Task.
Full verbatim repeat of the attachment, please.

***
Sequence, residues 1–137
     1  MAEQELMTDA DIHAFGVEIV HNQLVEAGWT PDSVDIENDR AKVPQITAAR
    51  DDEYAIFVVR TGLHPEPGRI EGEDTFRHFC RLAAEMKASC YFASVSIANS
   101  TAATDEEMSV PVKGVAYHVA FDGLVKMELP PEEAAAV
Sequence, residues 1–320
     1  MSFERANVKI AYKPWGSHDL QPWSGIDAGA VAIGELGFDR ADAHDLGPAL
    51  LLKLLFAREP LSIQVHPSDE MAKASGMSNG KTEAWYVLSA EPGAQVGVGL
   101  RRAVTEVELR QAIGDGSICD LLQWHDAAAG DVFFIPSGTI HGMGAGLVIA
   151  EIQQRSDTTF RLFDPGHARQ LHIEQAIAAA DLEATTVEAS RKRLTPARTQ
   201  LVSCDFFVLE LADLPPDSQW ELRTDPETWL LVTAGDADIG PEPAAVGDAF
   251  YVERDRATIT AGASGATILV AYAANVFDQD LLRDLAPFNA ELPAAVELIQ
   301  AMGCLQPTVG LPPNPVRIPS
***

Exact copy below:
Sequence, residues 1–137
     1  MAEQELMTDA DIHAFGVEIV HNQLVEAGWT PDSVDIENDR AKVPQITAAR
    51  DDEYAIFVVR TGLHPEPGRI EGEDTFRHFC RLAAEMKASC YFASVSIANS
   101  TAATDEEMSV PVKGVAYHVA FDGLVKMELP PEEAAAV
Sequence, residues 1–320
     1  MSFERANVKI AYKPWGSHDL QPWSGIDAGA VAIGELGFDR ADAHDLGPAL
    51  LLKLLFAREP LSIQVHPSDE MAKASGMSNG KTEAWYVLSA EPGAQVGVGL
   101  RRAVTEVELR QAIGDGSICD LLQWHDAAAG DVFFIPSGTI HGMGAGLVIA
   151  EIQQRSDTTF RLFDPGHARQ LHIEQAIAAA DLEATTVEAS RKRLTPARTQ
   201  LVSCDFFVLE LADLPPDSQW ELRTDPETWL LVTAGDADIG PEPAAVGDAF
   251  YVERDRATIT AGASGATILV AYAANVFDQD LLRDLAPFNA ELPAAVELIQ
   301  AMGCLQPTVG LPPNPVRIPS